The members of metalcore act Code Orange.EXPAND
The members of metalcore act Code Orange.
Hans Christian Terslin

Code Orange
Saturday, July 7
Nile Theater in Mesa

Since the announcement of their third studio album back in 2016, American metalcore band Code Orange had been pretty dormant. Fans waited in anticipation as the release date had been repeatedly pushed back until the album was eventually released in January 2017.

Then last month, we were blessed when the band released the extra-heavy three-track EP The Hurt Will Go On, which is just as heavy and violent as you’d expect. Witness the new songs for yourself, when the band heads to the Nile Theater in Mesa on Saturday. The show starts at 7 p.m. and tickets are $16. Lindsay Roberts

Saturday, July 7
Talking Stick Resort in Scottsdale

When talking about cultural icons and trendsetters, Thomas Wesley Pentz should definitely be at the forefront of that list. As the DJ and producer Diplo, he tours the world as a solo act, as well as with his Major Lazer crew.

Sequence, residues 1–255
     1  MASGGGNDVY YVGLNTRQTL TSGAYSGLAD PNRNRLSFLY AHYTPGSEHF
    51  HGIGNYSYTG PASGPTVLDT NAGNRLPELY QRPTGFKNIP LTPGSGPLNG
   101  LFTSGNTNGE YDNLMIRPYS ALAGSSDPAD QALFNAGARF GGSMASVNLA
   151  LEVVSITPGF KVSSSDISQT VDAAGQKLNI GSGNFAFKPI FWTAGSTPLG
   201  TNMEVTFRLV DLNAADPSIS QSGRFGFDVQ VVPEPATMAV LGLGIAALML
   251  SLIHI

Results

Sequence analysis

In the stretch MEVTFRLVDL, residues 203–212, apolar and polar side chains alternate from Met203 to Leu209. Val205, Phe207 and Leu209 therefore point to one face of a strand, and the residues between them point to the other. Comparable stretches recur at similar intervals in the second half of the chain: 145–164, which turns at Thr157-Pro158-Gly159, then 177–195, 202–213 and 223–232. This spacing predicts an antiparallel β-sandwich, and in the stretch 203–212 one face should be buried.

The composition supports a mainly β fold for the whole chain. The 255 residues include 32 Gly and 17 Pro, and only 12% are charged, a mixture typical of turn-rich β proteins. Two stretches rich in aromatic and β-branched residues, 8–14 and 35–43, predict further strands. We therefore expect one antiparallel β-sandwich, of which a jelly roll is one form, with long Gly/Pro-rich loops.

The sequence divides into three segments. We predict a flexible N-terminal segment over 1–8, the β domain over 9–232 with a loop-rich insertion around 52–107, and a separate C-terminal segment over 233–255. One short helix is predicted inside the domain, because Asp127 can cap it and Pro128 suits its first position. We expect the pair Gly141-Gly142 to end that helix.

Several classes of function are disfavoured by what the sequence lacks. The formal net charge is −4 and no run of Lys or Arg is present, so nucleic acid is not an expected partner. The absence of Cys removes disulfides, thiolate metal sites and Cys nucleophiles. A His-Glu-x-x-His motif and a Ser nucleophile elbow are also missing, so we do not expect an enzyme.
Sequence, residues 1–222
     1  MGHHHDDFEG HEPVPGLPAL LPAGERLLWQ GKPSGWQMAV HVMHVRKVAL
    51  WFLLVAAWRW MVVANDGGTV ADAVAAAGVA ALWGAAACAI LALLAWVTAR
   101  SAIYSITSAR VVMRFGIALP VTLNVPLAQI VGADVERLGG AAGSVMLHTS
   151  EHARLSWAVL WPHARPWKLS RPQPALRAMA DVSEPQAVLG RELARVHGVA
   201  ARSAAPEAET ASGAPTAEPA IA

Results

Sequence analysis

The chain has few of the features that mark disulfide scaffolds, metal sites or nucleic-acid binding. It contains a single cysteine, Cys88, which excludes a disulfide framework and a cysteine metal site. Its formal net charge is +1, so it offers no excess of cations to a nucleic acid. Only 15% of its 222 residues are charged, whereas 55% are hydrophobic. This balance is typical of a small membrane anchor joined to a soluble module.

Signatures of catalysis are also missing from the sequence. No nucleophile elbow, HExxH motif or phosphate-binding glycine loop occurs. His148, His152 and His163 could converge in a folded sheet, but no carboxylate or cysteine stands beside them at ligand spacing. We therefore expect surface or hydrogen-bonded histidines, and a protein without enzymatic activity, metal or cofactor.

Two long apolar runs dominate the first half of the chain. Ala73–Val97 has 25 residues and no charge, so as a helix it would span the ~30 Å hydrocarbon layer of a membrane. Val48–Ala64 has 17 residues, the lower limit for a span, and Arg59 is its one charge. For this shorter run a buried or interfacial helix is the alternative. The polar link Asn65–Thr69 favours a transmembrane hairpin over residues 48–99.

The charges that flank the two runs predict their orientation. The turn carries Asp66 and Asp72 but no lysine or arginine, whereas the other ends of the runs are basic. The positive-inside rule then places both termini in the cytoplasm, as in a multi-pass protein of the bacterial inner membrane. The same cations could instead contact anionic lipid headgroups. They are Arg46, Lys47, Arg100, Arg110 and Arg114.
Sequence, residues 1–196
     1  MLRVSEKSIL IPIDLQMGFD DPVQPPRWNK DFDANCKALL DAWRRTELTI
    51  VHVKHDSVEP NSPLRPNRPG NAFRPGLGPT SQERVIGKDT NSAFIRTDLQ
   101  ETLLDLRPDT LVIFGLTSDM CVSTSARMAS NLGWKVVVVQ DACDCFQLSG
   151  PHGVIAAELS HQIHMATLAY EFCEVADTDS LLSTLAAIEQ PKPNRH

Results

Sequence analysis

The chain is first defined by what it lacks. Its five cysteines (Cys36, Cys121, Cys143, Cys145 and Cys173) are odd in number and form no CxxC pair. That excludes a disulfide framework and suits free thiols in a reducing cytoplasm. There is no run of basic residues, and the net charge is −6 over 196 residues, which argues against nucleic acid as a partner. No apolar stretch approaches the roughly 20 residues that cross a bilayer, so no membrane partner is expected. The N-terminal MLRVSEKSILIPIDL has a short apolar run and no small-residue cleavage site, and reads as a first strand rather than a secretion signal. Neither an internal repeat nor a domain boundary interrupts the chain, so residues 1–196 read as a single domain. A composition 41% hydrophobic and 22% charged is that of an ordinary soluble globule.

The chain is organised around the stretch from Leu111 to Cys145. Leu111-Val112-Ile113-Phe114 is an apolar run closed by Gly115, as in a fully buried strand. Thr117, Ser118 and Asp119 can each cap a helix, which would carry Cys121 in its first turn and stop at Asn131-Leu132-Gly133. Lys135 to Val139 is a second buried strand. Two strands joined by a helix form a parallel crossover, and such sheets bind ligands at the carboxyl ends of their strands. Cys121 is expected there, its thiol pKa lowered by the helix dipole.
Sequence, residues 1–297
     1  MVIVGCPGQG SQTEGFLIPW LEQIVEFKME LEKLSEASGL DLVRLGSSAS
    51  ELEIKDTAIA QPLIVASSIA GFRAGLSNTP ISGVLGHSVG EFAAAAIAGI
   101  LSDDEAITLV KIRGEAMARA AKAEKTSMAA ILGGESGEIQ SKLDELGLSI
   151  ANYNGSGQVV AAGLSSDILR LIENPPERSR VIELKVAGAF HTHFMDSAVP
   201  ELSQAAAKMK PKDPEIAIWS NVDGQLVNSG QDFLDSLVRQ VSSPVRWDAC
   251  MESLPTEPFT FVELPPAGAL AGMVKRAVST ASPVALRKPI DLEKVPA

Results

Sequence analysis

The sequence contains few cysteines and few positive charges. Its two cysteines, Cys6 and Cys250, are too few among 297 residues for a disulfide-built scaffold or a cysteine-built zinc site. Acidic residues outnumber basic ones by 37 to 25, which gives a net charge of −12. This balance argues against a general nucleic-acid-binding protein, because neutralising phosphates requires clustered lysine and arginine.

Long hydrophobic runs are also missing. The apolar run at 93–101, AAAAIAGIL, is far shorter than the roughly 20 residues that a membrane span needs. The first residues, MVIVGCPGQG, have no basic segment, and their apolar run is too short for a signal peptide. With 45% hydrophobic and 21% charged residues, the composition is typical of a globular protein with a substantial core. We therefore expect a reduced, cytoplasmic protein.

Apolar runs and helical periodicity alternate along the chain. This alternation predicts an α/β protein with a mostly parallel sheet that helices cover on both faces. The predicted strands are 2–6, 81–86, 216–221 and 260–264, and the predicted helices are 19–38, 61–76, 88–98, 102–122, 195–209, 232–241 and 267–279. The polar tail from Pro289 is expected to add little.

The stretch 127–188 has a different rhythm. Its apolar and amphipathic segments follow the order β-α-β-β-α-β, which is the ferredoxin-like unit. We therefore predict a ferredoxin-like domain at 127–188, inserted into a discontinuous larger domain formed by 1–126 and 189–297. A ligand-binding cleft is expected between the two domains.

Over the last five to 10 years, Diplo has performed at almost every major music festival in the world, taking his twerk-inducing music and energy to the masses of partygoers who relish the chance to shake their butts, and bask in the positivity of his track selections and original compositions. Diplo is a king of the Snapchat generation, managing to stay relevant by keeping up to date with every new meme, viral song, and dance, and sometimes creating a few of his own.

In early July, Diplo returns to the Valley to headline Talking Stick Resort's Release pool party on Saturday, July 7. Fellow EDM producer and artist Mercer will open. Marco Torres

The oddballs of Primus are headed our way.EXPAND
The oddballs of Primus are headed our way.
Courtesy of ATO Records

Primus and Mastodon
Saturday, July 7
Comerica Theatre

If you are a metal fan and want it served up two ways, this is your show. Kicking off the two-pronged night is Mastodon, the Georgia band that’s been sludging it up since 2000. They’ve been consistent in putting out a new release every couple of years, the last being 2017’s concept album Emperor of Sand. It chronicles a desert dweller with a death sentence and it veers from guitar-driven hard rock tracks like “Show Yourself” to the gloomier and plodding “Steambreather.”